CCF Colonialism in Northern Saskatchewan: Battling Parish Priests, Bootleggers, and Fur Sharks
Saskatchewan's Co-operative Commonwealth Federation (CCF), the forerunner of the NDP, is often remembered for its humanitarian platform and its pioneering social programs. But during the twenty years it governed, it wrought a much less scrutinized legacy in the northern regions of the province. Until the 1940s, churches, fur traders, and other influential newcomers held firm control over Saskatchewan's northern region. Following its rise to power in 1944, the CCF made aggressive efforts to unseat these traditional powers and install a new socialist economy and society in largely Aboriginal communities. The next two decades brought major changes to the region as well-meaning government planners grossly misjudged the challenges that confronted the north and failed to implement programs that would meet its needs. Northerners lacked the voice and political clout to determine policies for their half of the province, and the CCF effectively created a colonial apparatus, imposing its own ideas and plans in those communities without consulting residents. While it did ensure that parish priests, bootleggers, and "fur sharks" no longer dominated the north, it failed to establish a workable alternative. In an elegantly written history that documents the colonial relationship between the CCF and northern Saskatchewan, David Quiring draws on extensive archival research and oral history to offer a fresh look at the CCF era. This examination will find a welcome audience among historians of the north, Aboriginal scholars, and general readers interested in Canadian history.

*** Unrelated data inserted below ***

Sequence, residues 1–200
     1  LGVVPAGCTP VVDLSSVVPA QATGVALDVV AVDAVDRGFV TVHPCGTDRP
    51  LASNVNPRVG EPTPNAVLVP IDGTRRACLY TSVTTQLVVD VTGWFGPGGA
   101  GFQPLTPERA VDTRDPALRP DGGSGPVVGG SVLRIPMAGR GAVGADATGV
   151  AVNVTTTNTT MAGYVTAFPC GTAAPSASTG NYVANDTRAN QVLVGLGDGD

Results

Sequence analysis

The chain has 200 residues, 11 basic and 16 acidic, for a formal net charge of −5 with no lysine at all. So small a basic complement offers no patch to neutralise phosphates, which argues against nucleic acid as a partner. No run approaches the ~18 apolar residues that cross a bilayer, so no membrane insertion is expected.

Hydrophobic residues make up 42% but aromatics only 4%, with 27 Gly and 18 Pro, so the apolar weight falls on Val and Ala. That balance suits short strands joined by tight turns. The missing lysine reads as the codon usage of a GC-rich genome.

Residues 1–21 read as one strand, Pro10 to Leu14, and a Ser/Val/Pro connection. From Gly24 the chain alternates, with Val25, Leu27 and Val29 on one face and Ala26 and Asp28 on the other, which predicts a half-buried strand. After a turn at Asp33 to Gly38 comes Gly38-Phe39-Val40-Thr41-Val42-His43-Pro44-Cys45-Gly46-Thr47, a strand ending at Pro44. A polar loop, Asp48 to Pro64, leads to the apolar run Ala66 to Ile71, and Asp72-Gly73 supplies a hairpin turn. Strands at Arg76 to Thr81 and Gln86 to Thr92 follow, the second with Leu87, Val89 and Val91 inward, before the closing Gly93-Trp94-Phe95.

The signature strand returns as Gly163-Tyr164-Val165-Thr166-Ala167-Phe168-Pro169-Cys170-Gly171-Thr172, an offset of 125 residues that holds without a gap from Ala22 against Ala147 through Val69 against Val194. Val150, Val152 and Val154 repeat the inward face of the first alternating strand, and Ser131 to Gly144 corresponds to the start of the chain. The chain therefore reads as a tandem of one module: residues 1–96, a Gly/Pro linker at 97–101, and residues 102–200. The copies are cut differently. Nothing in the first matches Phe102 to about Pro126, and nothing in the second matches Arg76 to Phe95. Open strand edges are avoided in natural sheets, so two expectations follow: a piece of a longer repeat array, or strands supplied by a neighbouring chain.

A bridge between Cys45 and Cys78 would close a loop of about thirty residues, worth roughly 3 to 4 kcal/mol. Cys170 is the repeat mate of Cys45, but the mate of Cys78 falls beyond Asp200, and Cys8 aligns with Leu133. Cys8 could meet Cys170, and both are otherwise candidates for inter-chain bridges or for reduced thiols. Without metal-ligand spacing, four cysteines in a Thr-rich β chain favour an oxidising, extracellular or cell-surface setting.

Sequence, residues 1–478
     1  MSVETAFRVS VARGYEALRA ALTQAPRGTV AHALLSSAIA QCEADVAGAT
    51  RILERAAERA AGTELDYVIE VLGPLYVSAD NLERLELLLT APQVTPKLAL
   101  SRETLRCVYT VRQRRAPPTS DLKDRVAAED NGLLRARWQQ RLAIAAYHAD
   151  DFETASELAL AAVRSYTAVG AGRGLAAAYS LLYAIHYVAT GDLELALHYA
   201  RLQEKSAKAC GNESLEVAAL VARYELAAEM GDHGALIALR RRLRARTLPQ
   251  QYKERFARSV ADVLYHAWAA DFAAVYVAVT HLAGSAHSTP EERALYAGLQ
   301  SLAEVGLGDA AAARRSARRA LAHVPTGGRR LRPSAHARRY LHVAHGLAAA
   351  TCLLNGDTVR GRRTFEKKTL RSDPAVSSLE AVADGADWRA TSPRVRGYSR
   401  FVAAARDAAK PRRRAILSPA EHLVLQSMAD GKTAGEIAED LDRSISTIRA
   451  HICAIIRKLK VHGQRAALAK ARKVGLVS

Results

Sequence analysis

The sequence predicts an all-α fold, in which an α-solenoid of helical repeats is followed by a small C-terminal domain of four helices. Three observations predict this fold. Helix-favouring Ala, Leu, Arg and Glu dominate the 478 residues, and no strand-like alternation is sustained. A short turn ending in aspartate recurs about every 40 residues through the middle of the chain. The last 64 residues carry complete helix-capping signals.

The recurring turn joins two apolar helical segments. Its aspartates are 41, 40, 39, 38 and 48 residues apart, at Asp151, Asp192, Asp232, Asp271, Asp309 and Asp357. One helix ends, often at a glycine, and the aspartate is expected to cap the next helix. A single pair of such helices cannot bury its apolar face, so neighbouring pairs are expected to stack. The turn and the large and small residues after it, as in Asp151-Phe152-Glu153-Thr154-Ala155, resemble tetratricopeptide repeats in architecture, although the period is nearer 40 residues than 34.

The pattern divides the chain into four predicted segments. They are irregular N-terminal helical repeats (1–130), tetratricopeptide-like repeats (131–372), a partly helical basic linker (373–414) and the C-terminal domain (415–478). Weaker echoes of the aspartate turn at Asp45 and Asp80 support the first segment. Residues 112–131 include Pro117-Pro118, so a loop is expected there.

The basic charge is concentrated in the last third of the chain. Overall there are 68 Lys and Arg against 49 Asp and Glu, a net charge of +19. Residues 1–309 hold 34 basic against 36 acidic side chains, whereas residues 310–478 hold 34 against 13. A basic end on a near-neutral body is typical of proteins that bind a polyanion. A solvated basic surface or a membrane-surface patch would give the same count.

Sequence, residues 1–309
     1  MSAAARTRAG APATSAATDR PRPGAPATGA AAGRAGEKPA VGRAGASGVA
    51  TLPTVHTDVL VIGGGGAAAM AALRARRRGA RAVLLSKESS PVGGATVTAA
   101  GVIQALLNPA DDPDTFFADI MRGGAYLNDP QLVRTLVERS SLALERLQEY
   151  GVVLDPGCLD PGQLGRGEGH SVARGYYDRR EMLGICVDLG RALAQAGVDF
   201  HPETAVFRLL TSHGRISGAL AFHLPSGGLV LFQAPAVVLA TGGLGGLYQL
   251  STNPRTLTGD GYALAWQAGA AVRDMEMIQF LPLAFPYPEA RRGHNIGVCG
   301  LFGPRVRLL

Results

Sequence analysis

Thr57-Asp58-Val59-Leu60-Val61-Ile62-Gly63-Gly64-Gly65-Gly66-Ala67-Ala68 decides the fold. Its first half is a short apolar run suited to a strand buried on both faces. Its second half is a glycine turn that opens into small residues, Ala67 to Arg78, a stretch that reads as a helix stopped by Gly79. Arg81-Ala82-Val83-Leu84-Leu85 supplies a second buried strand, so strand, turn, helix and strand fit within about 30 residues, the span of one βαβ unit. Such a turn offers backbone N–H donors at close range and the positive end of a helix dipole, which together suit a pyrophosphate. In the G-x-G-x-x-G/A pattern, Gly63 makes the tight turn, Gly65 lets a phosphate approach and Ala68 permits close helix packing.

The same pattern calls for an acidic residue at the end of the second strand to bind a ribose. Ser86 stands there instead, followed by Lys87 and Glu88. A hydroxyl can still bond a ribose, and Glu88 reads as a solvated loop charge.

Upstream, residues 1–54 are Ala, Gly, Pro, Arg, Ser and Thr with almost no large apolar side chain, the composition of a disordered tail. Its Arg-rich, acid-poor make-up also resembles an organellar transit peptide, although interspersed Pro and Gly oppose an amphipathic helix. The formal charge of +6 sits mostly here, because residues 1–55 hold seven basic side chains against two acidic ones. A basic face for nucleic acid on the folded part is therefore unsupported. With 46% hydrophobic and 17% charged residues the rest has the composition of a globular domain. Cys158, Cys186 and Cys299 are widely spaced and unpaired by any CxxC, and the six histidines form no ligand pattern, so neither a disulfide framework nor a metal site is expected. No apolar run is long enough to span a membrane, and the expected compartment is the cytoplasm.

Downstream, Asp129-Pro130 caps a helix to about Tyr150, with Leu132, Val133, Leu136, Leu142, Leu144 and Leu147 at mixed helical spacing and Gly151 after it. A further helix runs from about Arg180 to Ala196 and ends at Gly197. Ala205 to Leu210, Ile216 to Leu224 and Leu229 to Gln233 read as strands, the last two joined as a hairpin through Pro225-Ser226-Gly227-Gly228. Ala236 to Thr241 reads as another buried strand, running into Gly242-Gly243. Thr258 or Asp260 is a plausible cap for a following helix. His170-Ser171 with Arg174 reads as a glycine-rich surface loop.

What people are saying - Write a review
We haven't found any reviews in the usual places.
Another Country Altogether
From the Top
The Ultimate Solution
A Deterrent to Development
Never Before Have We Been So Poor
At the Point of a Gun
Just One Jump Out of the Stone Age
A PreIndustrial Way of Life
Scarcely More Than Palliative
Dollars Are Worth More Than Lives
A Comments on Collection of Oral History
Other editions - View all
Ccf Colonialism in Northern Saskatchewan: Battling Parish Priests ...
David M. Quiring
Limited preview - 2007
CCF Colonialism in Northern Saskatchewan: Battling Parish Priests ...
Limited preview - 2007
A.H. MacDonald A.T. Davidson Annual Report April August 1944-April Bereskin Buffalo Narrows C.A.L. Hogg C.L. MacLean C.S. Brown Canadian CCF plans CCF's co-op community development Conf Crown corporation Cumberland House December Department Dept Deputy Minister DNR officers DNR's E.L. Paynter economic Fish Board Fisheries fishermen Flin Flon Forest Products Corporation Glenbow Archives Ile-a-la-Crosse Indians and Metis industry J.F. Gray J.H. Brockelbank J.J. Wheaton J.L. Phelps J.W. Churchman January July Kinneard La Loche lack Lake and Forest Loche March marketing ment Metis Metis of Northern northern Aboriginals Northern Administrator Northern Region Northern Saskatchewan November October operated Ottawa Pelican Narrows percent plant policies Prince Albert programs province Regina Reindeer Lake residents road S-NR Sask Saskatoon September settlements SFMS social aid Social Welfare socialist southern Status Indians T.C. Douglas Tommy Douglas trappers trapping Uranium City wanted